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The Black Hawk military helicopter flew over Iowa, giving a senior U.S. agriculture official and U.S. senator an eyeful of the flood damage below, where yellow corn from ruptured metal silos spilled out into the muddy water.
And there's nothing the U.S. government can do about the millions of bushels of damaged crops here under current laws or disaster-aid programs, U.S. Agriculture Under Secretary Bill Northey told a Reuters reporter who joined the flight.
The USDA has no mechanism to compensate farmers for damaged crops in storage, Northey said, a problem never before seen on this scale. That's in part because U.S. farmers have never stored so much of their harvests, after years of oversupplied markets, low prices and the latest blow of lost sales from the U.S. trade war with China — previously their biggest buyer of soybean exports.
The USDA last year made $12 billion in aid available to farmers who suffered trade-war losses, without needing Congressional approval. The agency has separate programs that partially cover losses from cattle killed in natural disasters, compensate farmers who cannot plant crops due to weather, and help them remove debris left in fields after floods.
But it has no program to cover the catastrophic and largely uninsured stored-crop losses from the widespread flooding, triggered by the "bomb cyclone" that hit the region in mid-March. Congress would have to pass legislation to address the harvests lost in the storm, according to Northey and a USDA statement to Reuters.
"It's not traditionally been covered," he said. "But we've not usually had as many losses."
Indigo Ag, an agriculture technology company, identified 832 on-farm storage bins within flooded Midwest areas. They hold an estimated 5 million to 10 million bushels of corn and soybeans - worth between $17.3 million to $34.6 million - that could have been damaged in the floods, the company told Reuters.
Across the United States, farmers held soybean stocks of 2.716 billion bushels as of March 1, the largest on record for the time period, the USDA said on Friday. Corn stocks were the third-largest on record.
Some Congress members have expressed interest in pursuing legislation to provide aid for damaged crops in storage, Northey said. But passing legislation could require a lengthy political process in the face of an urgent disaster, U.S. Sen. Charles Grassley told farmers at a meeting in Malvern, Iowa.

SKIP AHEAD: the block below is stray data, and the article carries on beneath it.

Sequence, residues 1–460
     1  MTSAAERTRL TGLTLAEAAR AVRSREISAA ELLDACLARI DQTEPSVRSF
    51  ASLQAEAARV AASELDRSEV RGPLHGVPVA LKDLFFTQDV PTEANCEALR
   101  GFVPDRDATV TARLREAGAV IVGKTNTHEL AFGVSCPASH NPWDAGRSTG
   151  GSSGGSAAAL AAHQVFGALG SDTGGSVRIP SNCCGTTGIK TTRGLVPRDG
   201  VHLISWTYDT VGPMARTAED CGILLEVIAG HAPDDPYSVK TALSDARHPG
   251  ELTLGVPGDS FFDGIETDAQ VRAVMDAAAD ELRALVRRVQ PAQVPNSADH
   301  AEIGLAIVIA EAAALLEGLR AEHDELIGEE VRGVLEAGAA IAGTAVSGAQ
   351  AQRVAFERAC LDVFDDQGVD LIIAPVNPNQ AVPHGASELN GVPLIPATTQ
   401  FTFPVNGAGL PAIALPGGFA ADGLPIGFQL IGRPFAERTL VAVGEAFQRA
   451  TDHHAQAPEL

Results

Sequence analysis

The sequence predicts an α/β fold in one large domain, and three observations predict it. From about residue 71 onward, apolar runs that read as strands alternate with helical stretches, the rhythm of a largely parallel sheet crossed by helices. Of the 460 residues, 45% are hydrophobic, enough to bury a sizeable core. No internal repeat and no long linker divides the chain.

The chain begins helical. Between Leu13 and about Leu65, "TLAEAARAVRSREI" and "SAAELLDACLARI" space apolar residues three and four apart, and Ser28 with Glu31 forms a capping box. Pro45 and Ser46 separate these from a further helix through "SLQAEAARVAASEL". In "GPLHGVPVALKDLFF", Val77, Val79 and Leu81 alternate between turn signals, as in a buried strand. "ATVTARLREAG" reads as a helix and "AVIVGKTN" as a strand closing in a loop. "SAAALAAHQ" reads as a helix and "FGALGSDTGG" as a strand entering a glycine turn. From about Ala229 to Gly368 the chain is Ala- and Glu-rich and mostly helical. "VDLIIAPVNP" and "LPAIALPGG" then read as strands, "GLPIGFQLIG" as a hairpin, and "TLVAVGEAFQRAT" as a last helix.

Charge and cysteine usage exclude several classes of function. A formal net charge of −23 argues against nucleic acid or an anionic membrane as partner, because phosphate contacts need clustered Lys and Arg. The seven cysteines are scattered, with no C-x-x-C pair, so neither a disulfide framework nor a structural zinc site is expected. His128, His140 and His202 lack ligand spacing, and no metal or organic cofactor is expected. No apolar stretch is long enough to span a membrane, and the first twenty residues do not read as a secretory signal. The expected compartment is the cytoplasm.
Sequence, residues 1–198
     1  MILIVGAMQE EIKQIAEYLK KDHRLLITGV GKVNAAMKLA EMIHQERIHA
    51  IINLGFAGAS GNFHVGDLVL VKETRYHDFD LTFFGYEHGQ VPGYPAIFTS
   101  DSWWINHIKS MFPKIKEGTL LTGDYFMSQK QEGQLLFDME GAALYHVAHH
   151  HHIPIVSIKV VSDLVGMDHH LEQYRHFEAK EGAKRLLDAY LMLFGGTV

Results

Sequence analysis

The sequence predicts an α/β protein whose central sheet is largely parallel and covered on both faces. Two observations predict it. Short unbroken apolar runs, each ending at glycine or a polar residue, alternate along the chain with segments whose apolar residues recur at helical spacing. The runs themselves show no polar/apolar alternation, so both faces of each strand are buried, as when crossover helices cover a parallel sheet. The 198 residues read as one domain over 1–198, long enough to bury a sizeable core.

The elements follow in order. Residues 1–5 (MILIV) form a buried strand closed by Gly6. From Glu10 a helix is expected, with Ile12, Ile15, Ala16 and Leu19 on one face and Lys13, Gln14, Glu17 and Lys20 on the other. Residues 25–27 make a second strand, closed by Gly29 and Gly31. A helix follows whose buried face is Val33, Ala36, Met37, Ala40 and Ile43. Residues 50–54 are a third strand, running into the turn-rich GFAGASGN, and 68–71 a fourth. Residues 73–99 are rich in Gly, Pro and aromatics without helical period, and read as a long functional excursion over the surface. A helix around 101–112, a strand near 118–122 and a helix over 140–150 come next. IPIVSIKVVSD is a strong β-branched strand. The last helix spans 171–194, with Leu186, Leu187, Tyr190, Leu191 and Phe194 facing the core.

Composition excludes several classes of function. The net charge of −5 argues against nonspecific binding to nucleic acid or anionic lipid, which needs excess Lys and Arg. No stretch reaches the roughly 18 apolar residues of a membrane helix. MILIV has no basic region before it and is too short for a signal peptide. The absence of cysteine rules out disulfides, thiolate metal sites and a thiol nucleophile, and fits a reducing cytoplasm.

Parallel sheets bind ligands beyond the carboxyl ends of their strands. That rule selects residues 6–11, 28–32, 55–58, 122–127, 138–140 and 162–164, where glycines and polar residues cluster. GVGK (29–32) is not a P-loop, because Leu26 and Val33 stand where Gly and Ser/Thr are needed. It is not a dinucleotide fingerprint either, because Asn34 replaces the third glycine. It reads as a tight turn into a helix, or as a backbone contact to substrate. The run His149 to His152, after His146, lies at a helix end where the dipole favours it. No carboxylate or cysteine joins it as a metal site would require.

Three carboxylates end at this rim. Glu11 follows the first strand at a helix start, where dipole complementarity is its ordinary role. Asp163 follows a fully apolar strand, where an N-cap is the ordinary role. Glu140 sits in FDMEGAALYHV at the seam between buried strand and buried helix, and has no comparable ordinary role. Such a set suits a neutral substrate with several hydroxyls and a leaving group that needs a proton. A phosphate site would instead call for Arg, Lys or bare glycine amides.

"If we have to pass a bill to do it, I hate to tell you how long that takes," said the senator from Iowa, who joined Northey on the helicopter tour.
With farm incomes declining for years before the flood, many farmers had planned to sell their grain in storage for money to live, pay their taxes or finance operations, including planting this spring.
From the helicopter, piloted by National Guard members, officials surveyed miles of flooded fields in Iowa, littered with lawn chairs, fuel tanks, furniture, tires and other flood debris.
Farmers will have to destroy any grains that were contaminated by floodwater, which could also prevent some growers from planting oversaturated fields.
Near Crescent, Iowa, farmer Don Rief said the flood damaged more than 60,000 bushels of his grain, worth hundreds of thousands of dollars. He tried to move the crops before the flood, but dirt roads were too soft from the storm to support trucks.
"We were just hurrying like hell," Rief said. "Hopefully USDA will come in and minimize some of the damage."
The USDA does not have a program that covers flood-damaged grain because farmers have typically received more advance notice of rising waters, allowing them to move crops and limit losses, said Tom Vilsack, who ran the agency under former President Barack Obama.
In this case, floods inundated fields quickly after multiple levees failed when rain and melting snow filled the Missouri River and other waterways. The frozen ground was unable to soak up the water.
Near Percival, Iowa, railroad tracks leading up to a grain facility were flooded and broken. A Deere dealership, Wendy's restaurant, Motel 6, and gas station nearby were also underwater, along with homes, cars and farm equipment.
Some farmers moved machinery such as tractors on to highways to keep it out of the path of the floods. The equipment was still parked there during the flyover on Friday.
About 416,000 acres of cropland across six counties in Iowa were flooded, said Amanda De Jong, state executive director for the USDA Iowa Farm Service Agency.
Of that, about 309,000 acres will be eligible for the federal program that helps farmers and ranchers remove debris left by natural disasters on farmlands, De Jong said last week. She estimated the program would need about $34 million to clean up the fields.
Iowa's agriculture secretary Mike Naig said the U.S. government also should help compensate farmers for some of the grain that was damaged.
"This is clearly a gap that we think needs to be addressed," said Naig, who accompanied Grassley and Northey in the chopper.
Time is short for a solution, said Carol Vinton, supervisor of Mills County, Iowa, one of the state's two most heavily damaged counties.
Vinton said she was getting calls from farmers whose grain was damaged and are worried about making good on previously signed contracts to deliver those crops to elevators.
The USDA wants to do everything it can to help farmers hurt by the disaster, Northey said.
"They spent all last year raising that crop, putting it in the bin and they maybe already have it marketed," he said. "And now they're going to have to spend time just to get rid of it - just to clean the place up."